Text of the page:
South Korean AF Derails F-X Phase 3 Choice Of F-15

By Bradley Perrett perrett@aviationweek.com, Amy Butler abutler@aviationweek.com
Source: AWIN First
September 24, 2013
Credit: Boeing

The South Korean air force has managed to derail the selection of the Boeing F-15SE Silent Eagle for its F-X Phase 3 fighter requirement, instead pushing for the Lockheed Martin F-35 Lightning but again raising doubts about the openness of the country’s combat aircraft competitions.

The decision appears to deprive Boeing of its best chance of sustaining the F-15 production line past 2018, when the last unit is due to be completed for Saudi Arabia. The South Korean order has offered to underpin development of features that would increase the combat effectiveness of the type, making it more attractive to additional customers.

South Korea’s Defense Acquisition Program Executive Committee on Tuesday decided to restart the F-X Phase 3 competition, despite a decision in August that the F-15 was the only contender that met the F-X Phase 3 budget of 8.3 trillion won ($7.7 billion) for 60 aircraft. The losing types were the F-35 and Eurofighter Typhoon, the latter eliminated because of a bidding irregularity. A decision in the reopened competition is to be made within a year.

The air force, which industry and government officials say has always wanted the F-35 for the requirement, especially after Japan chose the type in 2011, mounted a barely veiled campaign against the F-15 after its selection. Retired air force generals, for example, criticized the decision, making public statements that serving officers could not express. Unnamed air force officers were quoted in the press saying that, with the selection of the F-15, the program was “veering onto a wrong course, contrary to original aims,” presumably the F-35.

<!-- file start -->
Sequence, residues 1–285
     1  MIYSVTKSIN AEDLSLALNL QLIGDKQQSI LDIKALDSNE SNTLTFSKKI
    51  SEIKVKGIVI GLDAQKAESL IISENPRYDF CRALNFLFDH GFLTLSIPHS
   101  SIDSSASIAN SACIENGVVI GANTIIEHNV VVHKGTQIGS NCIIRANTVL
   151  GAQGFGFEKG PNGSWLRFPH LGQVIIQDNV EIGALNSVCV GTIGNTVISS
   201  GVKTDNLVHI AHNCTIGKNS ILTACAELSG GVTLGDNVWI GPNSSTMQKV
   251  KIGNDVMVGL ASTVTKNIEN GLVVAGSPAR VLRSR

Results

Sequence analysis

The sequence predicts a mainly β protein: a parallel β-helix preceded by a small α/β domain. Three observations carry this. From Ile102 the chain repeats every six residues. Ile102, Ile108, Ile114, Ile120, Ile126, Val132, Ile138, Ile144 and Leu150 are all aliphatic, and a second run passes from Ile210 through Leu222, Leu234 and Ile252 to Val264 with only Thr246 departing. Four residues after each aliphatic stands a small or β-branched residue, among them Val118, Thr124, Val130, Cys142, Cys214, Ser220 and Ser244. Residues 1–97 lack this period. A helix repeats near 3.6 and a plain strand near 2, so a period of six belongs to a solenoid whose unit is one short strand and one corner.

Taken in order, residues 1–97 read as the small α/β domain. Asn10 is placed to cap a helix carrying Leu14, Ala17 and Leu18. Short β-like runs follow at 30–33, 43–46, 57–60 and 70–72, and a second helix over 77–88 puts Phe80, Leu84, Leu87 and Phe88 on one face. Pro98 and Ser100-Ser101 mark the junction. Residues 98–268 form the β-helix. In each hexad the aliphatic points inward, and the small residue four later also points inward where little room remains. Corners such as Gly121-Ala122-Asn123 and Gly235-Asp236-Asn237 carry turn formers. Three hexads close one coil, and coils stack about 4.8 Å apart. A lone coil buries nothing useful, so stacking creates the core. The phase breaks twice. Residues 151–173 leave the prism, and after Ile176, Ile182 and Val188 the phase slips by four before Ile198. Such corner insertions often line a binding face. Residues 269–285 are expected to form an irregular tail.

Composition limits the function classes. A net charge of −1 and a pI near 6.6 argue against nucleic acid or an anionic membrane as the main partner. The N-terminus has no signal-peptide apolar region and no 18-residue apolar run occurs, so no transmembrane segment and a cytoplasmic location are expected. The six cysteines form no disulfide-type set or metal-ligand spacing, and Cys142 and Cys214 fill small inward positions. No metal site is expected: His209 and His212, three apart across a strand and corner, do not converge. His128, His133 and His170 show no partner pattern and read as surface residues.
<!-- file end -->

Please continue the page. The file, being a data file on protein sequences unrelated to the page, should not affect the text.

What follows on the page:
If South Korea does eventually choose the F-35, it will be the third non-partner country, after Japan, to order the aircraft despite its cost and the risk of renewed development difficulties.

South Korea’s problem is that this is the second time in 11 years in which one of its fighter requirements appears to have been predetermined, suggesting that bidders may be wasting their marketing money in competitions that are not competitions at all. After Boeing won the F-X Phase 1 competition for 40 fighters with the F-15K in 2002, losing contender Dassault said it would not take part in future South Korean fighter competitions. The French company had evidently concluded that its bid, however attractive, could never have won.

For the F-X Phase 2 requirement for 20 fighters, no competing manufacturers took South Korea’s Defense Acquisition Program Agency seriously when it called for alternatives to the F-15. Boeing was the only bidder. In 2008 it contracted to supply 21 F-15Ks, including a replacement for one that had crashed.

The defense ministry explains the setting aside of the F-15 selection for F-X Phase 3 partly in terms of threats from North Korean nuclear arms and “asymmetric weapons.” But South Korean government officials have said that the threat on the Korean peninsula has not been a major issue in the requirement. Moreover, the North Korean threat is hardly new.

The ministry also cites rapid advances in aeronautical technology. The major new technical development among South Korea’s neighbors in recent years has been the appearance of China’s J-20 stealth fighter prototype. But that was more than two years ago, during which time the ministry did not move to call a halt to F-X Phase 3.


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